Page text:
The DVD Grades: Picture A / Audio B- / Bonus F-

The documentary is presented in a widescreen anamorphic presentation in the film’s original aspect ratio of 1.66:1. The documentary is as professional as they come and it shows on the video transfer as well. The image was especially tight and detailed and all of the stock footage and photos transferred quite nicely as well. The documentary exhibited amazing differentiation between black and white and it was nothing short of amazing how strong Adams’ work came through in the film. Colorful hues in the more traditional sense were left to the interview snippets, as well as Burns’ more recently shot footage and as expected, the landscapes looked appropriately lush and inviting.

Issues with the transfer were very minor, as some slight grain and artifacting were noted in a couple of areas. Print flaws were usually reserved for only the oldest of footage, while Adams’ portraits were as perfect as they come and didn’t exhibit even a hint of a flaw. Ultimately, this was an immaculate transfer that was a couple of flaws short of absolute perfection.

PBS’ transfer is right on the money and everything from Ansel’s work to the stock footage/photos used in the documentary looked great. Ultimately, Ansel Adams was very pleasing to the eyes and fans of Adams and of the PBS “American Experience” series will be quite pleased.

There’s not a whole lot to talk about on PBS’ audio transfer for Ansel Adams, as the Dolby Digital 2.0 track isn’t given a whole lot do. As expected for a documentary, it’s a very talkative affair and in Ansel Adams, all the dialogue is contained in the front surrounds and never exhibits any harshness or edginess whatsoever. Everything was crystal clear from the onset and there were no problems related to intelligibility at any time. The music in the documentary was completely appropriate for the material at hand and the soundtrack received pleasant dynamics and fidelity, without once overpowering the dialogue.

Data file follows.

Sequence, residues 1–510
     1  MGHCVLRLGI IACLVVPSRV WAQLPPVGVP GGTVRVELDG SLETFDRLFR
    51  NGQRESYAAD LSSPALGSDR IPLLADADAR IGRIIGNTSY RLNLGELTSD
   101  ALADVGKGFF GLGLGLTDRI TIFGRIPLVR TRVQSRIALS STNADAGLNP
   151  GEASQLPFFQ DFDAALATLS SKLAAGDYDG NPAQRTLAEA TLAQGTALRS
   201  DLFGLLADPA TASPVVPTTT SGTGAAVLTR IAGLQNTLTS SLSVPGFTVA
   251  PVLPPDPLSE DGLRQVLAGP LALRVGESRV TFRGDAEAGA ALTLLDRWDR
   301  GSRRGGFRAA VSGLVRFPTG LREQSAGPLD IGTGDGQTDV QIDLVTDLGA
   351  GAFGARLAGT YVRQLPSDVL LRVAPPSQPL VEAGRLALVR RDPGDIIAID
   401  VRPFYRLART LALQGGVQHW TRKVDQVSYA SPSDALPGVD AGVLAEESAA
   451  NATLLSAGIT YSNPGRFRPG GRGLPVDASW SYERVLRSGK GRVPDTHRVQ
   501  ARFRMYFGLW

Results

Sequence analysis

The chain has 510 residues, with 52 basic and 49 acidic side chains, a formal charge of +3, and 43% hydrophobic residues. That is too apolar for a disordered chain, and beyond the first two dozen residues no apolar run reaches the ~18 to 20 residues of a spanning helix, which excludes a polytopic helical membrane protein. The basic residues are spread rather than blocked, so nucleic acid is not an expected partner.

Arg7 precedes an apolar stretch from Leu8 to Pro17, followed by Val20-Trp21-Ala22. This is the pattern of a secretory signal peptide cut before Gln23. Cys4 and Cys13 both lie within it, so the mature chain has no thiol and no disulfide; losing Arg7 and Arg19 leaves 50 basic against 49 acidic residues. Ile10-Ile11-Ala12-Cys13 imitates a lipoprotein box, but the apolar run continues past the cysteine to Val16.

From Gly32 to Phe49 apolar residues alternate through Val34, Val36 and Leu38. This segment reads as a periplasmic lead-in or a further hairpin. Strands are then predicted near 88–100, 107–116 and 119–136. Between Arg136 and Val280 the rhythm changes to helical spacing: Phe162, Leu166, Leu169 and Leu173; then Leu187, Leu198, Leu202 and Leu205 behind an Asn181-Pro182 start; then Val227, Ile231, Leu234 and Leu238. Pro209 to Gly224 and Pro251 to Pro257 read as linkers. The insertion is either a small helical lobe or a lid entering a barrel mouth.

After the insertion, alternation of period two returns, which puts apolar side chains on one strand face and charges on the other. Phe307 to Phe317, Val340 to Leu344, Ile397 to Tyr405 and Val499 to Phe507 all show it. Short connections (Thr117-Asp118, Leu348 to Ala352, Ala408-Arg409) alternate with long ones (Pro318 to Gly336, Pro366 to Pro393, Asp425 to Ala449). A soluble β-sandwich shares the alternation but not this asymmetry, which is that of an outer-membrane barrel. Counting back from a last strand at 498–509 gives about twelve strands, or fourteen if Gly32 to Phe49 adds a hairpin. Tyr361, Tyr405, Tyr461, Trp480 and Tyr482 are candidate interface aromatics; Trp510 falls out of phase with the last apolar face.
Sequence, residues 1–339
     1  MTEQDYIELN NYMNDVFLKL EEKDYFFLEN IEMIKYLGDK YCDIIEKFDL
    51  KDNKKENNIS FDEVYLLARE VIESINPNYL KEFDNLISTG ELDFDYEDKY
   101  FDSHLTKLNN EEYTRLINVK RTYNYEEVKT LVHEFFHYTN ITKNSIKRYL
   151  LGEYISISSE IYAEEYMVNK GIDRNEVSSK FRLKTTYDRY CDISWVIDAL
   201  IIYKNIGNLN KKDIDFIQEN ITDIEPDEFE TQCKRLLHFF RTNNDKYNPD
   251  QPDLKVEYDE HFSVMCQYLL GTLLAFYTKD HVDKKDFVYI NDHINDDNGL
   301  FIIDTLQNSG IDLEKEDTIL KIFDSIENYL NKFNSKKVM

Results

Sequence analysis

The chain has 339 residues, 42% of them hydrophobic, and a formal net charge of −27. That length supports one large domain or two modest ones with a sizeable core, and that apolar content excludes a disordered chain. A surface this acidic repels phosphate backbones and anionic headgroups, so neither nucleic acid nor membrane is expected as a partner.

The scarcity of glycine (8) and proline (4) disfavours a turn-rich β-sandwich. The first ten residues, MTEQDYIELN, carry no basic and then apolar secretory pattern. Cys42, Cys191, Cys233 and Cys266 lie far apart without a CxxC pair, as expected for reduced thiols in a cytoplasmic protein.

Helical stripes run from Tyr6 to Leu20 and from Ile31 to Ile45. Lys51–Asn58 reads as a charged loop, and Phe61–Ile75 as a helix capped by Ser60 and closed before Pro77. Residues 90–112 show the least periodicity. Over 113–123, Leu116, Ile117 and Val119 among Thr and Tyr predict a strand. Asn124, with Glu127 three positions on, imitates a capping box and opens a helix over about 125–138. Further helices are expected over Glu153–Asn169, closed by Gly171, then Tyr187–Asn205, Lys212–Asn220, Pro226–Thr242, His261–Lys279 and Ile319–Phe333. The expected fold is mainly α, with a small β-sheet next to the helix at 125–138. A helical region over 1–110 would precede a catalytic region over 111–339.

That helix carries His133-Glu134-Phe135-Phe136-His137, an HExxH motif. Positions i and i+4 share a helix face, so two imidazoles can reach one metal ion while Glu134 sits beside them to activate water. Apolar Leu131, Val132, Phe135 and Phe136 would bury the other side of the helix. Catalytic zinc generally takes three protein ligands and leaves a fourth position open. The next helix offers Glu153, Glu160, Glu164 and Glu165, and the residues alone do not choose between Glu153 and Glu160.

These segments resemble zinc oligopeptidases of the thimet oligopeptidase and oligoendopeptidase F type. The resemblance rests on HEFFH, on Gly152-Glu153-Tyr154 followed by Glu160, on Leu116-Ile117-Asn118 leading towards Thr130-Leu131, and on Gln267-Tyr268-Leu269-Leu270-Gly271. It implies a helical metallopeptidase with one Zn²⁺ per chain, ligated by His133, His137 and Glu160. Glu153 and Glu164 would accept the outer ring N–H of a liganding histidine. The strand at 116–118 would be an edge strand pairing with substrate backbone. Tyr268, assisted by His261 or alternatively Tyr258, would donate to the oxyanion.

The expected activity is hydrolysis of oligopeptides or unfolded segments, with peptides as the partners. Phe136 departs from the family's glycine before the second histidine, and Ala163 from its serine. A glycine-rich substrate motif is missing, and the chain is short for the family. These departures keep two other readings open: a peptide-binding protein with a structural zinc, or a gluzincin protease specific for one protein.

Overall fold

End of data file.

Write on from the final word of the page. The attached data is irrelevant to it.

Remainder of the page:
The track was properly mixed and balanced and ultimately sounded as good as you’d expect such a recently produced and well-done documentary to sound. PBS handles the transfer to DVD well and the results will be very pleasing to the viewer, although they have not included any alternate language tracks or subtitles for the film.

PSB provides no extras to supplement this entry in their “American Experience” series. However, there are a couple of links from the main menu (American Experience and PBS Online) that give you a quick text-based introduction to the “American Experience” series, as well tell you what’s available on PBS’ website to supplement the Ansel Adams documentary.

PBS, Ric Burns, and Steeplechase Films have joined forces yet again to create another engaging and masterful documentary of paramount relevance. It’s an enjoyable picture about one of America’s greatest national treasures and one that will absolutely hold your attention for the entire running time of the film.

Although the DVD doesn’t contain any extras, it’s totally solid where it counts and the story alone is worth the price of admission. Ansel Adams: A Documentary Film comes highly recommended.

Viewer Film Ratings: 4.625 Stars Number of Votes: 8